Throwback Thursday is a weekly meme hosted by Renee at It’s Book Talk. Throwback Thursday was designed as an opportunity to share old favorites as well as older books in our TBR. As I started reviewing on Goodreads long before I started my blog, it seemed a great way of sharing my earlier reviews (which I hope have improved since the early days).
So this week I’m revisiting The Love Song of Miss Queenie Hennessy by Rachel Joyce – first reviewed in January 2015.
I loved The Pilgrimage of Harold Fry so I was looking forward to reading this. Although this was written after ‘Harold’ it is not a sequel but a companion piece as it tells Queenie’s side of the story.
As it had been a while since I read the first I thought that might be a problem as I couldn’t remember the first book in detail. I think in some ways that might have been a good thing especially towards the end where the two stories diverge.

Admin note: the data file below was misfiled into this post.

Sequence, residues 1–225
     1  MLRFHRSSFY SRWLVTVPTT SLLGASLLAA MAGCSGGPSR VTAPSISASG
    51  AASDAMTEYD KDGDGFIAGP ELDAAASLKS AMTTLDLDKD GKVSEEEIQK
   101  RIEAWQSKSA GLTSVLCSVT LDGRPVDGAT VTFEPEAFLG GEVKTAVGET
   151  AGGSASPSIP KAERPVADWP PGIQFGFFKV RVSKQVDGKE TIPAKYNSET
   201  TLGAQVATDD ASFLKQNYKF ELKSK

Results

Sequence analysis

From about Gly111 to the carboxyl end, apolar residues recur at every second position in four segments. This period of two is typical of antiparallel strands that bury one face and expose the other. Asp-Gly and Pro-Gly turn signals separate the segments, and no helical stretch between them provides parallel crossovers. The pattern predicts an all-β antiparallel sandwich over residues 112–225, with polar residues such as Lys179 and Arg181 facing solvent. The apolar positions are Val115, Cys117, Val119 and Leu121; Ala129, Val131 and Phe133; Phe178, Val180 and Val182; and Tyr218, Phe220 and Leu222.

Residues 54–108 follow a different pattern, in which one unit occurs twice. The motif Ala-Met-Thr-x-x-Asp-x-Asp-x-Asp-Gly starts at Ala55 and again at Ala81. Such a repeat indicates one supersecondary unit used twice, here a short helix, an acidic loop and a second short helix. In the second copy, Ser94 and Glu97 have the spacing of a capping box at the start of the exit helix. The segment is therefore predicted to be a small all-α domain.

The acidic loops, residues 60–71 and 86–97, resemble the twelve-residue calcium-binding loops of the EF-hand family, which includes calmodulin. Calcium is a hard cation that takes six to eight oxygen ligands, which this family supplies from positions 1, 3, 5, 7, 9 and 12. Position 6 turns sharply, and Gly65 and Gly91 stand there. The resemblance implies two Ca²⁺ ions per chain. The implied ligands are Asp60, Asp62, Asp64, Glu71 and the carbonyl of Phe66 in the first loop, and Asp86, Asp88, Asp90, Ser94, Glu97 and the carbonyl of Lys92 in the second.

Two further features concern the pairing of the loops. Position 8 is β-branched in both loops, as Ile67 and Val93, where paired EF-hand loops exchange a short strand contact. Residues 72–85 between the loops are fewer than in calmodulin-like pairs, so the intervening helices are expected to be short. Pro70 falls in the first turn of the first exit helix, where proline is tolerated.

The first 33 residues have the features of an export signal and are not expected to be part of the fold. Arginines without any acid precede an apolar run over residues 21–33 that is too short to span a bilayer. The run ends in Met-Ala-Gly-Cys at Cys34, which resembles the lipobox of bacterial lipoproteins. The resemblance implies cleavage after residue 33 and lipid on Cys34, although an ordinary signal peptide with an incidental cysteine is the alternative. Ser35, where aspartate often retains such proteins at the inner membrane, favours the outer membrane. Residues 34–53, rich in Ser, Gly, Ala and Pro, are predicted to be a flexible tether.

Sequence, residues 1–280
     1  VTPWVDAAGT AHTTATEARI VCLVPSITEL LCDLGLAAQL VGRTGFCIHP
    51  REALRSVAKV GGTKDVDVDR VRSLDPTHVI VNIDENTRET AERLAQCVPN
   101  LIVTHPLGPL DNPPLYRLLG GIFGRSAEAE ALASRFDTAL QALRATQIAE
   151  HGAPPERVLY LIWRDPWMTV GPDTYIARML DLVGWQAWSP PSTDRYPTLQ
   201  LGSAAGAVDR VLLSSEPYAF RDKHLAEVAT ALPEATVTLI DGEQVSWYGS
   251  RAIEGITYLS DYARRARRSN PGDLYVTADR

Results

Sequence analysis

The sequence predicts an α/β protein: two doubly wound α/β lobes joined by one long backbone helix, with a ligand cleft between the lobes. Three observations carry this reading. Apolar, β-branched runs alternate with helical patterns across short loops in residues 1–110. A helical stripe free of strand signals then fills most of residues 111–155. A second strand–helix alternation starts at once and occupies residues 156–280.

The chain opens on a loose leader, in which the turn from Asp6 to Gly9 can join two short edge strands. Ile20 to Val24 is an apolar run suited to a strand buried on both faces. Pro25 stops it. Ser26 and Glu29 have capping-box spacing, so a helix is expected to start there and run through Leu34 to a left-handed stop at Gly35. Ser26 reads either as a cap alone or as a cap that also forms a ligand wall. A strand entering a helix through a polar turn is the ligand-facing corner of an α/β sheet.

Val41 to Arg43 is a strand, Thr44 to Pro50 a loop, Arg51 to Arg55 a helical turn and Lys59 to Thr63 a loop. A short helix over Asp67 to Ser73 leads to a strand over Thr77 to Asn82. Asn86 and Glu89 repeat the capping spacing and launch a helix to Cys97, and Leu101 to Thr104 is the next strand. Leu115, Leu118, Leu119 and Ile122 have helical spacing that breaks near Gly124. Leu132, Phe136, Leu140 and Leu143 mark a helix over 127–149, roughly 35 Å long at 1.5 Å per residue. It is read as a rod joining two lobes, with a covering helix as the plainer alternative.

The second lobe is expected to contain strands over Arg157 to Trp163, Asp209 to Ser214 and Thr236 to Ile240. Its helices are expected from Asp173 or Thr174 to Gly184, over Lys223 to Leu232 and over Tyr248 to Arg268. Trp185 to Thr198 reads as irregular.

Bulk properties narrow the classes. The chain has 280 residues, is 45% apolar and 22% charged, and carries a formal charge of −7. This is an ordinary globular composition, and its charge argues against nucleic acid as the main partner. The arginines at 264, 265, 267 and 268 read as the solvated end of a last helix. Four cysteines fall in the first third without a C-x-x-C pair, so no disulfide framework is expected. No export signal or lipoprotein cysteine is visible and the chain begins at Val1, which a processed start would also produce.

This book is what is says on the cover, essentially the story of Queenie’s unrequited love for Harold Fry. Though given the pilgrimage he made for her, maybe not so unrequited after all. For those who have read ‘Harold’ you know the basic story, for those who haven’t the publishers blurb tells you all you need to know without spoiling the enjoyment.
Having read both books I think on balance I love Queenie’s story more. She is a much fuller rounded character than Harold as she exposes herself to us more, also seeing the other characters from ‘Harold’ described in Queenie’s version seems to make them more real and 3 dimensional. The other main reason I think I liked this book more than the first is getting to meet all the characters in the Hospice. While much of the book deals with Queenie’s memories, the remainder deals with her present day existence in the hospice as she writes her letter to Harold. The other patients and the nuns are a real joy, so much so that I will admit to crying on more than one occasion when the ubiquitous undertakers van appeared. As an aside should I ever have the misfortune to need a Hospice I want one like St Bernadine’s.
This is an excellent read that is both joyful and sad, but never depressing given that it deals with aspects of life that touch us all, namely the nature of love, regret and ultimately death.